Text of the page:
Discussions about Internet service providers (ISPs), the Meetinghouse Firewall, wired and wireless networking, usage, management, and support of Meetinghouse Internet
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I have some questions regarding the Cisco Aironet 1200's that were installed as part of the CCN in our Stake Center/FHC. With all of the problems with connecting the Admin computers through LDS Access, we initially decided to go with a wired system. I was hoping to connect through a 4 or 5 point switch with a patch cord to the WAP and one to the Admin computer. The problem I am having is that the WAP is line-powered through an injector, which apparently won't pass through the switch. If I switch to local power for the WAP, will I have to re-configure the Access point? I am trying to avoid pulling 1200' of new cable, since three of the WAPs are each within 30' of the clerk's offices. Any help out there
How would you get local power to the WAP? There are electrical codes that have to be followed. You can't legally just run an extension cord up there.cbeazer wrote:If I switch to local power for the WAP, will I have to re-configure the Access point?
Without knowing all the details, for safety and compliance reasons, I'd suggest pulling the 1200' cable. If you still want to pursue local power, then I'd enlist the help of an electrician, just to be in compliance with electrical codes. Remember, you need to get permission from the FM group for any changes to the building, so you might want to have them do the changes.
After some discussion with the GSD, we decided the best way would be to go ahead and pull the cable. On that note, I did get a very positive response from the GSD when asking about pushing LDS Access to the AP's in the building, so they seem to have received the proper instruction. Thanks for the input.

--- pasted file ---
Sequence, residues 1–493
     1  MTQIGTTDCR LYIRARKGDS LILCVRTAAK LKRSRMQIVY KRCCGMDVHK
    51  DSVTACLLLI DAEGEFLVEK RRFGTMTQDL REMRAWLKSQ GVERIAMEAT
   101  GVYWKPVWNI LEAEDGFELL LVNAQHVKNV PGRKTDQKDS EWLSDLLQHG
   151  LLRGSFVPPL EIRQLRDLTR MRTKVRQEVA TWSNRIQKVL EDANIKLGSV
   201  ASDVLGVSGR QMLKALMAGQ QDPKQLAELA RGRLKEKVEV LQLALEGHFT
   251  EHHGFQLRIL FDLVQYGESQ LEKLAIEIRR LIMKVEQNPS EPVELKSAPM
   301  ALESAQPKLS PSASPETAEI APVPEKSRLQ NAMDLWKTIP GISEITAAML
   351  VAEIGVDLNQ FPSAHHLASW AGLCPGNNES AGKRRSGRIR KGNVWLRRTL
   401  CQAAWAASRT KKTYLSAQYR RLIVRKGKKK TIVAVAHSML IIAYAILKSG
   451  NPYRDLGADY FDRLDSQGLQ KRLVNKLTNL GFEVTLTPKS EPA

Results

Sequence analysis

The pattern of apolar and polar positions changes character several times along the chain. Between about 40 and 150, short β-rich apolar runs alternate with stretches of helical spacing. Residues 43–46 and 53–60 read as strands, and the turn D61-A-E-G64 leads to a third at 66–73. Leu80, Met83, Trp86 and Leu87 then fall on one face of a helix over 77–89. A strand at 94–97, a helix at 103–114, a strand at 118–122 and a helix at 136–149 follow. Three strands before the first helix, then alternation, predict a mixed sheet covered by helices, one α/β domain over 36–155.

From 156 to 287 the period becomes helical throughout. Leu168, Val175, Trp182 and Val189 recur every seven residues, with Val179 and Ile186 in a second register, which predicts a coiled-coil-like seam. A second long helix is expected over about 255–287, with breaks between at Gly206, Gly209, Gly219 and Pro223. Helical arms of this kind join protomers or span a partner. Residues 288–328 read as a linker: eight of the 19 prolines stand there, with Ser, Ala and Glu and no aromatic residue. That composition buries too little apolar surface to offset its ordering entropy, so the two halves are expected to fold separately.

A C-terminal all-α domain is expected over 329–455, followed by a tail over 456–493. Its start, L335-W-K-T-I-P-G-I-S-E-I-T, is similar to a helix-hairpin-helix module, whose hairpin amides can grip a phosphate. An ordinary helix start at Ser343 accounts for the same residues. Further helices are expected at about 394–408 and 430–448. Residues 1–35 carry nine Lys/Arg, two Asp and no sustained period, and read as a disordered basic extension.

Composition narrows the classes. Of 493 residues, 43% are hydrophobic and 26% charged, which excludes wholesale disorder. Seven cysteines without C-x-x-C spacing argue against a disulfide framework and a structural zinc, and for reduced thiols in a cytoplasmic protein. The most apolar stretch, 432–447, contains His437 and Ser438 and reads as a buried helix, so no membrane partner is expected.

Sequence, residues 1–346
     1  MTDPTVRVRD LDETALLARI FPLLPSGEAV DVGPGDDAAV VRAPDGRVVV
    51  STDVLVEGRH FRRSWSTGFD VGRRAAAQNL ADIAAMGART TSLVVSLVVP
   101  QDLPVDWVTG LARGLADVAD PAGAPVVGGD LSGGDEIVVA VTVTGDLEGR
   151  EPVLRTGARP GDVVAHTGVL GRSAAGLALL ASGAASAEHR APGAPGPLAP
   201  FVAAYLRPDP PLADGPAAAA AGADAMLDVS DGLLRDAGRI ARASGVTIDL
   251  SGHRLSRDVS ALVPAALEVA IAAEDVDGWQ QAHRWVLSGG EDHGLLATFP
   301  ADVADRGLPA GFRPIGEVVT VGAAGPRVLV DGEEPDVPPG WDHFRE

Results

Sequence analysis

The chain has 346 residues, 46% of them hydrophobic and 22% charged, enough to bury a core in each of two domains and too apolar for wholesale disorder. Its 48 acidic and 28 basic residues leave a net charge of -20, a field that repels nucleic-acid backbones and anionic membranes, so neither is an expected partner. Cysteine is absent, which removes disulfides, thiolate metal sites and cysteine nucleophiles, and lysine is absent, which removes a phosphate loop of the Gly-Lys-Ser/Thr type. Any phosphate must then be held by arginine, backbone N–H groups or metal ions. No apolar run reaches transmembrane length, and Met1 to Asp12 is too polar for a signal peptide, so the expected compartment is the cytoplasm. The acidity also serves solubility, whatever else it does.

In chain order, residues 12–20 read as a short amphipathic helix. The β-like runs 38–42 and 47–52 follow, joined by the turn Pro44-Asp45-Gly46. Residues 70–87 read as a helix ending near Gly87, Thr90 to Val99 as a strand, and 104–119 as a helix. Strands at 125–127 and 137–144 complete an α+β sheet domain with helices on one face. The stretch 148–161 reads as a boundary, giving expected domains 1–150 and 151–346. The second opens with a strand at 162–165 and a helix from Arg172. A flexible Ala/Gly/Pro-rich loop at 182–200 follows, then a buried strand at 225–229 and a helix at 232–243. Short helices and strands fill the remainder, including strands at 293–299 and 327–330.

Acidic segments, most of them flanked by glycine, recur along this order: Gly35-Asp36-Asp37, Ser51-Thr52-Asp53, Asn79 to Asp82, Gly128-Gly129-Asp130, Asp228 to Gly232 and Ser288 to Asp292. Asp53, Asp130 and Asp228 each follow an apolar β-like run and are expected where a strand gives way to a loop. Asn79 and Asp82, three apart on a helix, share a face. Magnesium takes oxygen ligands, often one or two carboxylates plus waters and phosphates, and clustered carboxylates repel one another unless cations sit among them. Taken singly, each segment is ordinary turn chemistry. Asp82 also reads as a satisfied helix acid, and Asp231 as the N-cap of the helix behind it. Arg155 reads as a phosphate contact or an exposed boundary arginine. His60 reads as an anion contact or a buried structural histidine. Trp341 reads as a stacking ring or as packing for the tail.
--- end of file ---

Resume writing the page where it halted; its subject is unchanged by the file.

cbeazer wrote:I was hoping to connect through a 4 or 5 point switch with a patch cord to the WAP and one to the Admin computer. The problem I am having is that the WAP is line-powered through an injector, which apparently won't pass through the switch. If I switch to local power for the WAP, will I have to re-configure the Access point? I am trying to avoid pulling 1200' of new cable, since three of the WAPs are each within 30' of the clerk's offices.
It took me a while to figure out what I think you are asking. You see our setup involves three WAPs also. The first is obviously the root hardwired to the network while the other two are repeaters - meaning they are not hard wired to the network but retransmit the signal from the root to a wireless network device and vice versa.
To answer your question, the WAP can be powered directly from the power converter or from the power injector using the nework cable. The power injector merely acts as a device to get the converted power into the network cable using a spare pair of the four pair wires in the cable. The power injector uses the same power converter which would otherwise be plugged into the WAP. It does not matter which method is used to power the WAP with regard to configuration of the WAP (I assume you meant firmware configuration.).
The only (firmware) reconfiguring you would have to do to the WAPs is if you changed from being hardwired to the network to acting as a repeater. And that is easily done in a few minutes. (Or at least easy for me because the GSD level 2 does all the reprogramming.)
All you have to do is run cable from the switch to the power injector and then to the WAP. Where the power injector is on the way from the switch to the WAP is immaterial. The primary reason for using power injectors for the WAPs instead of having power directly supplied to them is the nearest location of a 120v outlet to the WAP. By using the power injector, the reduced voltage (9 or 12 volts)can be sent over the network cable more safely that stringing 120 volt power extension cords. For repeater WAPs network cable is used to supply power only.